Aluminum extruded tubing A hollow linear aluminum product that is typically cylindrical, however aluminum square tubing and aluminum rectangular tubing is also manufactured for specialty applications such as aluminum downspouts and building supplies.
Aluminum frames They are components of modular framing systems that are constructed out of many different units.
Aluminum profiles They are extruded stock shapes of aluminum.
Aluminum shape Customized shapes for almost any application. Standard shapes include angles, channels and tubing.
Aluminum trim A long, thin and narrow, and can be custom made to fit a specific purpose or space.
Architecutral aluminum It is used as decorative and structural components of building construction.
Extruded aluminum It is molded with dies into specific shapes.
Heatsink A metallic device that absorbs thermal energy, or heat, from another object through thermal compounds.
Metal extrusions They are created using hot extrusion or cold forming, and commonly made of semi-soft metals, such as lead, tin, aluminum alloys, copper, titanium, etc., which are less expensive to extrude then high-strength alloys.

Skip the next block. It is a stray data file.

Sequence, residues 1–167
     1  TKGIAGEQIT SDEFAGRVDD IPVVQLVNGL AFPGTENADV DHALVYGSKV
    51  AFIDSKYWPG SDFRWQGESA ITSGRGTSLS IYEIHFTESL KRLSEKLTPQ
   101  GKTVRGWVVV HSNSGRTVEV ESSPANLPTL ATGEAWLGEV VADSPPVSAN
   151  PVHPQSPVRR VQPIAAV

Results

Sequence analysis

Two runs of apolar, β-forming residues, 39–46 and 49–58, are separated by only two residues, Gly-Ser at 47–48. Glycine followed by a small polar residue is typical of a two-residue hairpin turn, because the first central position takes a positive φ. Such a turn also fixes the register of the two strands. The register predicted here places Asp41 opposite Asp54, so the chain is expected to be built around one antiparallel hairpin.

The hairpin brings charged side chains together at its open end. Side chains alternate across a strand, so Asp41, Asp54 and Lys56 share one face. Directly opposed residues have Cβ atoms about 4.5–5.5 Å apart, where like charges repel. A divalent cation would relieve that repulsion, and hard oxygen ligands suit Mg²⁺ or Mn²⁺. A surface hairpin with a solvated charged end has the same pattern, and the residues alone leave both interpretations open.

Structural aluminum It is an extruded aluminum alloy that goes through post-forming treatments in order to make it lightweight and durable, and this corrosion resistant metal is used in many different high-strength applications.
T-slotted aluminum extrusions They can be used in building almost anything but are commonly seen in enclosures, cabinets, shelving, machine guarding systems, industrial workstations, office partitions, computer server racks, trade show exhibits, material handling, and robotics.
All these modifications of aluminum makes it a truly super manufacturing material that has application in a wide range of industries.